Connect with us

Hi, what are you looking for?


Inaugural National Faith and Blue Weekend will be held Oct. 9 through 12

The inaugural National Faith & Blue Weekend will bring together law enforcement and faith-based communities all over the United States with the goal of building mutual understanding and respect.

Events will be held across the country and will include athletic events, community forums and much more during the weekend of Oct. 9 through 12.

MovementForward Inc., the U.S. Department of Justice Office of Community Oriented Policing Services and other law enforcement groups have joined forces to organize an unprecedented national law enforcement-community engagement project — involving nearly every major law enforcement group in the U.S. — along with three entities in the federal government that deal most directly with police.

NFBW has held meetings with national faith leaders from every major faith tradition in the U.S. as well as having the support of virtually every major law enforcement agency throughout the country.

Rev. Markel Hutchins is the national lead organizer of the One Congregation One Precinct initiative and president and CEO of MovementForward.

“Our pathway to progress around policing as a nation is a collaborative one that focuses on our commonalities rather than our differences,” Hutchins said. “Because sixty million Americans attend weekly gatherings at more than 350,000 houses of worship nationwide, nothing rivals the depth and breadth of influence presented by houses of worship who are unique and powerful gateways to the heart of communities in which they have a mutual interest in achieving effective police-community engagement.”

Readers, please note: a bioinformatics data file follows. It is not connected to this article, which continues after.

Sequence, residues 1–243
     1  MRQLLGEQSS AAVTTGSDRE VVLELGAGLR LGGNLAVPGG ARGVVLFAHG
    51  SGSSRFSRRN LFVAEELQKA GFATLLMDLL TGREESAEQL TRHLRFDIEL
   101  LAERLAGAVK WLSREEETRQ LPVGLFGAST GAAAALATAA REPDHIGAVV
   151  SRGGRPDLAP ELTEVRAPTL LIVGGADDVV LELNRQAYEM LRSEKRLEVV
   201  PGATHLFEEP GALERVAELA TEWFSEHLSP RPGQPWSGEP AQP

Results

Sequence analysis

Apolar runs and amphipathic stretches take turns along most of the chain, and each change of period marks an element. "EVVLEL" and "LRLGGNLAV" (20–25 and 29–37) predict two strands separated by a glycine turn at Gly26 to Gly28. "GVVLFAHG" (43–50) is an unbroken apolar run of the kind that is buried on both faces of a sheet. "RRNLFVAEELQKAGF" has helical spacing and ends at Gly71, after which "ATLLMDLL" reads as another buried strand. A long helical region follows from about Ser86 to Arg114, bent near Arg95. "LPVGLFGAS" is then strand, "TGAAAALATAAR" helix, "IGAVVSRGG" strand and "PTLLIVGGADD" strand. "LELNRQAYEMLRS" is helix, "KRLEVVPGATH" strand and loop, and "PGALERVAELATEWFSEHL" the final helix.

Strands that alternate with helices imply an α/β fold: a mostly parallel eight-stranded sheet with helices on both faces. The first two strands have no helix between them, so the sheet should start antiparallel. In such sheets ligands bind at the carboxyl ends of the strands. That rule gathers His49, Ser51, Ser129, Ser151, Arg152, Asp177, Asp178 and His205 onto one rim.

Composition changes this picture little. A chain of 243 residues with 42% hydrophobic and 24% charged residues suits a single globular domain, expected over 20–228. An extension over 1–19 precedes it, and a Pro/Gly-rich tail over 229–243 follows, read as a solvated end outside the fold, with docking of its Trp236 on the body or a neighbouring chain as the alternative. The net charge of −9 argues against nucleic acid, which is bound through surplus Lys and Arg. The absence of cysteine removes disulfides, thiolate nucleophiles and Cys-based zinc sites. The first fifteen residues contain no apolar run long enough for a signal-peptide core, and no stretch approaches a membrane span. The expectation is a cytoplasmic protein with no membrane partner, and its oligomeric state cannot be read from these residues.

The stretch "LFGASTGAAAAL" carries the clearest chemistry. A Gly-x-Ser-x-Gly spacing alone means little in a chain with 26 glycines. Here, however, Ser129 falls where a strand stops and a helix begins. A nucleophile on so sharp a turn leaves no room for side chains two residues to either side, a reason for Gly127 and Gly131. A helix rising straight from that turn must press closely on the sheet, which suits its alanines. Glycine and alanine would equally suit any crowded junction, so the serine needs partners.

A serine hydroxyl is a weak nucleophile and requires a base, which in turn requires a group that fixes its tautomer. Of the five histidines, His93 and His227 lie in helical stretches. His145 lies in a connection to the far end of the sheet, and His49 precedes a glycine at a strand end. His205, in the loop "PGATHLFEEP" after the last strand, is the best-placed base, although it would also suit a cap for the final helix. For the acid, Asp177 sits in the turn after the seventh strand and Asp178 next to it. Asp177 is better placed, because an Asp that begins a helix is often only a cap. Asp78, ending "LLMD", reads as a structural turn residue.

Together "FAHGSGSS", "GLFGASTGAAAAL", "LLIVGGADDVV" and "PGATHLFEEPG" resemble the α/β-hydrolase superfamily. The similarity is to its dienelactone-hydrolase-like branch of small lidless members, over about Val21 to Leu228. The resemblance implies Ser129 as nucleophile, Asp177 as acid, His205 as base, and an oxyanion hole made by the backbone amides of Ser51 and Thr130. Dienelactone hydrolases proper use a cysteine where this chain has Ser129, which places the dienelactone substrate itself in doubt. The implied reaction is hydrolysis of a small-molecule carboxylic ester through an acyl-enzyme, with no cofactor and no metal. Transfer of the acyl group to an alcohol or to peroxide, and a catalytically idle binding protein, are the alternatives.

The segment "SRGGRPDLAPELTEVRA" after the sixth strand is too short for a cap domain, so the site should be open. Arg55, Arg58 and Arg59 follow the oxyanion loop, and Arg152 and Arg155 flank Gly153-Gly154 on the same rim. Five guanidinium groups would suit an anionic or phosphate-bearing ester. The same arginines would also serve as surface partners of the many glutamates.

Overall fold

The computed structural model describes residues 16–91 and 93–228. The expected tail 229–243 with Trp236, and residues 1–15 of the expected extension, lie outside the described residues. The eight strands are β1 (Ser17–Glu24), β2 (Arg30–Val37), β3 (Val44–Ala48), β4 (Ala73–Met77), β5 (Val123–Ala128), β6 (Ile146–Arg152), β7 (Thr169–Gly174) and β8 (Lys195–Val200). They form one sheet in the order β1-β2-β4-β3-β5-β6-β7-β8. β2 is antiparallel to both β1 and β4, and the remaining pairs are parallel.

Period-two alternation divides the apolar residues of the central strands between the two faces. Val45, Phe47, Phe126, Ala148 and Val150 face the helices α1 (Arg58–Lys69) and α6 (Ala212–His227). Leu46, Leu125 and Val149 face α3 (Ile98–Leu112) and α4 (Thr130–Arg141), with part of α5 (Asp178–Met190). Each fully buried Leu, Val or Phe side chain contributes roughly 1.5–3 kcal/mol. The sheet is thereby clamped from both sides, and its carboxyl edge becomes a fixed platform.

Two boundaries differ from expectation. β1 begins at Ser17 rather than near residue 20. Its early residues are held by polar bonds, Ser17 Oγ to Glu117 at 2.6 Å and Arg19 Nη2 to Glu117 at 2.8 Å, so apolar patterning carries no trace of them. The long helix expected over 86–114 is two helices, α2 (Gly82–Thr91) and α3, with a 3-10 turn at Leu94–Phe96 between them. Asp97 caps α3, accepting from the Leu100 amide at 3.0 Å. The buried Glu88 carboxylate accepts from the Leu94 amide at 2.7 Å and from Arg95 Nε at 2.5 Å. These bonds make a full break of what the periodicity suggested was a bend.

The program of events will take place Oct. 9 to 12 with a focus on scheduled activities such as community dialogues, service projects and other interactive experiences to help foster ongoing, authentic and mutual community-law enforcement trust.

Advertisement. Scroll to continue reading.

The goal of NFBW is to facilitate safer, stronger and more unified communities through connecting law enforcement and residents through local houses of worship. Visit for more information.

Partnerships between law enforcement and local groups — especially faith-based organizations — are invaluable force-multipliers for creating safer and more engaged communities.

Brandon Moseley
Written By

Brandon Moseley is a senior reporter with over nine years at Alabama Political Reporter. During that time he has written 8,297 articles for APR. You can email him at [email protected] or follow him on Facebook. Brandon is a native of Moody, Alabama, a graduate of Auburn University, and a seventh generation Alabamian.


Local news

The city administrator defended police decisions to use less-lethal munitions to disperse residents who attended a rally in June 2020.

Featured Opinion

A report on the June 2020 protest police response revealed troubling issues within HPD, the Madison County Sheriff's Office and ALEA.


The legislation would exempt funds of less than $250 and vehicles worth less than $5,000 from civil asset forfeiture.


Following the guilty verdict, Alabama's leaders talked about what it meant and what's left to be done.